Optional features on targets are also nice to have because they enhance the usefulness of the target by providing additional training possibilities. Examples are the “command” targets frequently found around the outside of the primary target area. These targets can be used for decision-making and target discrimination training. A variety of targets with different command shapes, angles, colors and other options are available. In addition to running drills on the main target area, training partners or instructors can call out any combination of shapes, numbers or colors for shooters to engage. Smaller command targets can be used for zeroing as well as fine-tuning marksmanship skills.
One of my favorite general-purpose targets is the NLEFIA-2S paper target. This two-sided target can meet the goals and objectives of most courses of fire. It has a silhouette target on one side with properly placed scoring zones in the upper thoracic area. These start small and gradually get larger, so it is versatile for a variety of training objectives. The silhouette side comes with two command targets that can be used for precision shooting drills or zeroing.
On the other side is a photorealistic target depicting an obvious threat with well-placed scoring zones that are only visible up close. Depending on the ambient light conditions, once shooters get beyond 5 yards, the scoring zones disappear. When using the threat targets during training, we see a significant number of hits below the combat-effective area. Once this is pointed out to shooters, they make an adjustment and start placing rounds in the areas most likely to result in rapid incapacitation. The threat side of the NLEFIA-2S target also has its own set of command targets. These consist of different shapes with numbers inside, providing another training option.
Another favorite is one of several variations of a discretionary target featuring different shapes, colors and numbers. This target provides shooters with a welcome break from the traditional threat and silhouette targets that law enforcement trainers always trot out to the range. There are a ton of different drills that can be run using this target, with the only limitation being your imagination. One of my favorite drills using these targets is Tom Givens’ Casino Drill. This drill incorporates a lot of different skills, including draw and presentation, multiple shots, target transitions, reloads and target assessment. A shot timer is used, so this drill is done under time duress.
Tom Givens’ Casino Drill: Seven rounds loaded in the pistol and two seven-round spare magazines (7/7/7). Starting position is holstered and concealed, or a duty holster fully secured at the 5-yard line. On the start signal, the shooter will draw and shoot #1 one time, #2 two times, #3 three times, #4 four times, #5 five times and #6 six times. Each time the gun runs empty, the shooter must reload and continue. Targets must be engaged in numerical order with the correct number of shots. 100% hits are required. Time limit is 21 seconds. Anything under 16 seconds is a good performance.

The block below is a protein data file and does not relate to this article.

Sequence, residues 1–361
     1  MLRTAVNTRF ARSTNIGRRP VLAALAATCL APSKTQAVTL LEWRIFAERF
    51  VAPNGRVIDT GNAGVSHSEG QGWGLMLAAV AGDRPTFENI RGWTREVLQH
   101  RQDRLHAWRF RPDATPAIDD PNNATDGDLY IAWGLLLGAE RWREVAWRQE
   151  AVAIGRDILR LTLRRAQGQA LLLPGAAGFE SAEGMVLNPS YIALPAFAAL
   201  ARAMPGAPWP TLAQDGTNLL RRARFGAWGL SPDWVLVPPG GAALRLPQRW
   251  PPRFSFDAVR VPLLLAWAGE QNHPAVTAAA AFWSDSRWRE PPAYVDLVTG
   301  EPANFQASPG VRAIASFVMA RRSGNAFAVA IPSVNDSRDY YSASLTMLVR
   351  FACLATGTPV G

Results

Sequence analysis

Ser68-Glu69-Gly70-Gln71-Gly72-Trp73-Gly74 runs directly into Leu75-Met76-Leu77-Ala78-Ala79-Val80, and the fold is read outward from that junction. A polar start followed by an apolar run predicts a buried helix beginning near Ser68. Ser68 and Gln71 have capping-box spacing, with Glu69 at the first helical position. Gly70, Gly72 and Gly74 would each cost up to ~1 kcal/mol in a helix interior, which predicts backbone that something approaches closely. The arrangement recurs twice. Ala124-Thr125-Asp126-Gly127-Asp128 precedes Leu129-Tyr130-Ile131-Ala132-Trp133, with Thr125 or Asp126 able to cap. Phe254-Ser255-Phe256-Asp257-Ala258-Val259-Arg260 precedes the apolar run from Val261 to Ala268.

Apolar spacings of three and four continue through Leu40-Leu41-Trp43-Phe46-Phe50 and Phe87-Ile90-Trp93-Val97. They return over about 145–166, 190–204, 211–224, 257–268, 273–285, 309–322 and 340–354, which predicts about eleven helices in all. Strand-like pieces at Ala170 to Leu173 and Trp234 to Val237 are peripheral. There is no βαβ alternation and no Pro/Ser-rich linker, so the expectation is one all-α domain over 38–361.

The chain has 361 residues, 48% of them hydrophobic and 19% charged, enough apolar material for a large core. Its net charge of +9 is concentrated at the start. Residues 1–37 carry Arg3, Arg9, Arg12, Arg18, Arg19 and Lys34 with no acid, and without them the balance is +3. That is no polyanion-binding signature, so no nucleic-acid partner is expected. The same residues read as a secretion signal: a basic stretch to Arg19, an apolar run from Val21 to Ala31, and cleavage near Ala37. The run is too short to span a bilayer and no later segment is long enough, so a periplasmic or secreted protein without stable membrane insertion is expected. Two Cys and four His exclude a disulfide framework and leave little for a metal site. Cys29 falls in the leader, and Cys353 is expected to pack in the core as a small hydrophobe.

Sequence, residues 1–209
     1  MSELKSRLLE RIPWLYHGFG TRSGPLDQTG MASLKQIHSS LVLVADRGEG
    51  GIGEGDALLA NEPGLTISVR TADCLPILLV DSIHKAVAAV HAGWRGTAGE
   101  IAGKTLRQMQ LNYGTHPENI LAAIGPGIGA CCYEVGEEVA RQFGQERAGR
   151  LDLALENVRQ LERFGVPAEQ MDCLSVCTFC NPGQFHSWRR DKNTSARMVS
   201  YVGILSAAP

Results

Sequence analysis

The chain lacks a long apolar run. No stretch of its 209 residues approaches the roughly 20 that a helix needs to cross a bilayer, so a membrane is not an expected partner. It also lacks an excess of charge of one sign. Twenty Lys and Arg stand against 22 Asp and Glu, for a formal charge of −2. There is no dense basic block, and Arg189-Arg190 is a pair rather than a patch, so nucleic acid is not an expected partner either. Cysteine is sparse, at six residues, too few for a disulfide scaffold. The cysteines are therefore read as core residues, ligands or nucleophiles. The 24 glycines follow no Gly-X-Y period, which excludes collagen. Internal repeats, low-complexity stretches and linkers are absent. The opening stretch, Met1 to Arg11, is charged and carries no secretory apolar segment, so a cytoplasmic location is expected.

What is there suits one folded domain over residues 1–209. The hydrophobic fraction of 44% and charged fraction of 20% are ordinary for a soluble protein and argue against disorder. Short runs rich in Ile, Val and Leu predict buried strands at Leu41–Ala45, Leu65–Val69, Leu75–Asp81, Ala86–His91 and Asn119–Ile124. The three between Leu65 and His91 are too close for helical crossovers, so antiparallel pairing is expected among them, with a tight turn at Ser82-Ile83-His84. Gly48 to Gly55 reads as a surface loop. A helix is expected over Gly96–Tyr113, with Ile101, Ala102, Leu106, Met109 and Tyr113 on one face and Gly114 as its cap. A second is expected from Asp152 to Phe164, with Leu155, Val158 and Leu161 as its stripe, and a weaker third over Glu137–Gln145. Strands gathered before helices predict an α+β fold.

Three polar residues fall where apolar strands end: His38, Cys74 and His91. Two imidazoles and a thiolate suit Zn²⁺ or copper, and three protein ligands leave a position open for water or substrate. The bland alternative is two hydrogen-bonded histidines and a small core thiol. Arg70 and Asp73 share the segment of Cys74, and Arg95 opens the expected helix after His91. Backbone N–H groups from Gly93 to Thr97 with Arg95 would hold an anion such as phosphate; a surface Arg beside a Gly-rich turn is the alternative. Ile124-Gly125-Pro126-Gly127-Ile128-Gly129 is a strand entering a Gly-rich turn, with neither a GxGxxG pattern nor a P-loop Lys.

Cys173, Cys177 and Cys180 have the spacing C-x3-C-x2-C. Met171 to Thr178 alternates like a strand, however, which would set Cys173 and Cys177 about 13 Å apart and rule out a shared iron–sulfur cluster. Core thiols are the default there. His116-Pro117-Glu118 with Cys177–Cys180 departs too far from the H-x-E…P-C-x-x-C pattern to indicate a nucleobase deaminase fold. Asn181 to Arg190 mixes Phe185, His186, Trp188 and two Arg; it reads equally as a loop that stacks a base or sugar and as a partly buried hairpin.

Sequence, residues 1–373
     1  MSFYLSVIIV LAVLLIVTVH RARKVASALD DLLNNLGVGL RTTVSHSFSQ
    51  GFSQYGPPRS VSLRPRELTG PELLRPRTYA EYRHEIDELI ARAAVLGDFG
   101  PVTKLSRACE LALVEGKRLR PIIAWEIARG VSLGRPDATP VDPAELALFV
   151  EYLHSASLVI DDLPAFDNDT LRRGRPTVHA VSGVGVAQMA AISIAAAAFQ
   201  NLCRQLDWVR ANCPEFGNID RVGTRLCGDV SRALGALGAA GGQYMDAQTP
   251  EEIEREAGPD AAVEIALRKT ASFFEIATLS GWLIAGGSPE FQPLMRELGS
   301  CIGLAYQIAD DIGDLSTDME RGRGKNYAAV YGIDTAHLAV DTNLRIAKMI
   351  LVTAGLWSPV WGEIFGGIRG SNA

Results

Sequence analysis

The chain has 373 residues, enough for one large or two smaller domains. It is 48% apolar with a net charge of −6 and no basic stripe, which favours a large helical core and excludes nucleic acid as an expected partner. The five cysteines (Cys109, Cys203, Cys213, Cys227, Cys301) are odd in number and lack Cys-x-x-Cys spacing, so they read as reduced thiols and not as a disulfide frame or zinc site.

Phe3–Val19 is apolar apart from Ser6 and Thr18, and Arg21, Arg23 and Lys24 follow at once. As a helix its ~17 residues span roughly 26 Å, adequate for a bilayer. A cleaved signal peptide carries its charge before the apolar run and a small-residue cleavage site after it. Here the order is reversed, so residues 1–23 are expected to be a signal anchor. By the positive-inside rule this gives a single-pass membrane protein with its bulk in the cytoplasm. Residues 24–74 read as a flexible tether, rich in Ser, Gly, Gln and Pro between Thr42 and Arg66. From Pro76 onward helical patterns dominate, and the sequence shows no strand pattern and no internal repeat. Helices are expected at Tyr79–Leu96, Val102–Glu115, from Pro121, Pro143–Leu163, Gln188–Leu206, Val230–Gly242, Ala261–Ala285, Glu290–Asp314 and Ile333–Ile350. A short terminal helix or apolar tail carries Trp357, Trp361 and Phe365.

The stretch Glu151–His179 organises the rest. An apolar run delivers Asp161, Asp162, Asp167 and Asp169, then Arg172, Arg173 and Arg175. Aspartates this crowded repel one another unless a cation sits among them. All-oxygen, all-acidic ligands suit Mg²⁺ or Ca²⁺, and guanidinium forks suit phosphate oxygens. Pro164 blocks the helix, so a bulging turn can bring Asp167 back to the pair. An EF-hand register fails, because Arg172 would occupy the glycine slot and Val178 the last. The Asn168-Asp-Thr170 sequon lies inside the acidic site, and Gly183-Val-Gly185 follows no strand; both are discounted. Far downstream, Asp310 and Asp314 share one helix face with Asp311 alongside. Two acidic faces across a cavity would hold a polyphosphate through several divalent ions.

Another good target that can push a shooter’s ability to balance combat speed with combat-
effective hits is the tried-and-true B-8 bull’s-eye target. You can find this target for free online with minimal effort. One of my favorite drills with this target is Justin Dyal’s 5-Yard Roundup. This drill tests a shooter’s ability to deliver effective hits under time duress and only uses 10 rounds.
Justin Dyal’s 5-Yard Roundup: Starting position is holstered and concealed, or a duty holster fully secured at the 5-yard line.
All strings have a 2.5 second par time. Any shot fired after the 2.5 second par time is negative 5 points.
- String 1: One shot draw from concealment or from a duty retention holster
- String 2: Four shots from ready
- String 3: Three shots from ready, strong hand only
- String 4: Three shots from ready, support hand only
A perfect score is 100 points all shot within the par time. Scoring 90 points or better is the mark of a skilled shooter.
Keep it interesting
Life is more interesting when you try new things, and firearms training is no exception. Take some time to consider how target selection can help you meet training goals and objectives, and change them up on a regular basis to keep things interesting. Always using the same target is boring, so get out of the rut and make training more effective and enjoyable.
Todd Fletcher is a retired sergeant from central Oregon with over 25 years of law enforcement experience. He presents firearms training and instructor development classes nationwide. Todd has presented at multiple regional, national and international conferences, including multiple ILEETA conferences and IALEFI events. He owns Combative Firearms Training, LLC, providing firearms training, instructor certification and instructor development classes to law enforcement, military and private security. He can be contacted at Todd@CombativeFirearms.com.